The present study tests a process model of emotional intelligence (EI) which distinguishes how individuals deal with their own and others' emotions during work – from week to week. Using dynamic EI theory, we hypothesize that the appraisal of self-emotions versus other-emotions elicits different emotion management strategies, respectively proactively seeking social job resources (job crafting) or self- or other-focused emotion regulation. These strategies, in turn, are expected to affect one's level of energy and active learning behavior. In addition, we predict that self-focused emotion regulation qualifies these self- and other-focused EI processes. Multilevel path analyses of 638 weekly diaries filled out by 226 trainees revealed that weekly appraisal of others' emotions was positively related to weekly active learning, through (a) other-focused emotion regulation and (b) crafting social job resources. Further, weekly appraisal of trainees' own emotions was positively related to their weekly level of energy, through (a) self-focused emotion regulation and (b) crafting social job resources. Consistent with the proposed model, the appraisal of own emotions only fostered job crafting when trainees regulated their emotions. These findings contribute to the literature by showing the enactment of EI during weekly working life.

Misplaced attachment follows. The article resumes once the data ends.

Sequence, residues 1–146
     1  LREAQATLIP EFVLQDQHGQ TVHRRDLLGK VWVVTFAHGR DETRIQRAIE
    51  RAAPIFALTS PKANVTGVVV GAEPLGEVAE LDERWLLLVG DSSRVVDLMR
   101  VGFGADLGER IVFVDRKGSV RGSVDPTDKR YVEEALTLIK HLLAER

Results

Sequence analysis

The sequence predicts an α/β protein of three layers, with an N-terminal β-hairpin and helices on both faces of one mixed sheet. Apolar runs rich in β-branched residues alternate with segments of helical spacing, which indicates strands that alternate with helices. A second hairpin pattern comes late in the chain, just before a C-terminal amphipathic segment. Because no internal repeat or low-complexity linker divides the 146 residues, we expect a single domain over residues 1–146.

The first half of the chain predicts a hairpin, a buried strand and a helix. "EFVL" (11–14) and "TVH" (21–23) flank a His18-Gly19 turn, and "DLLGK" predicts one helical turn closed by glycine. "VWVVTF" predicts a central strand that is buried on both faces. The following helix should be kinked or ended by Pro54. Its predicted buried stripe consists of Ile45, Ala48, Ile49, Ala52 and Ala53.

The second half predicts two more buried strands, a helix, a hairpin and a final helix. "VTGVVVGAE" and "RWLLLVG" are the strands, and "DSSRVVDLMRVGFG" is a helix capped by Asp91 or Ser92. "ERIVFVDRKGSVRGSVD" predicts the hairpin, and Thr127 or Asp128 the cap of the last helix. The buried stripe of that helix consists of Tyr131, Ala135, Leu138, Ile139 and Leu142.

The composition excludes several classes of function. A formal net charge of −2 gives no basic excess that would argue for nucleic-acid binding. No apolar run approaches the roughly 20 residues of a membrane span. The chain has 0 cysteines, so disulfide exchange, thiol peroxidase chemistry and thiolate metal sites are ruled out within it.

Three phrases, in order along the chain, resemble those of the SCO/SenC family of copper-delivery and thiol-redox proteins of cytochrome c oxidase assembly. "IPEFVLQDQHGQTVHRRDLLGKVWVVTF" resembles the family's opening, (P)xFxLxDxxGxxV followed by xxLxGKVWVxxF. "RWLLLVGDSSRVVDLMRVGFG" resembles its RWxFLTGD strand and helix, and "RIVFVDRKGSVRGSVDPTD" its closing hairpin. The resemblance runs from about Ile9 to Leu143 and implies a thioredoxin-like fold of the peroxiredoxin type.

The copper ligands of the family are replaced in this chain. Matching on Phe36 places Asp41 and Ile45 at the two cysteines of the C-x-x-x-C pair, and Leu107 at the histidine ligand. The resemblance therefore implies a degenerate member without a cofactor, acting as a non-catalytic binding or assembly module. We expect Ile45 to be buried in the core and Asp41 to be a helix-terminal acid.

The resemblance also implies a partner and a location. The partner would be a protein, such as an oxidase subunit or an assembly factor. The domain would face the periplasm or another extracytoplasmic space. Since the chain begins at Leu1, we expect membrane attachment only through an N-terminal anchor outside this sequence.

- Active learning behavior
- Crafting social job resources
- Emotional intelligence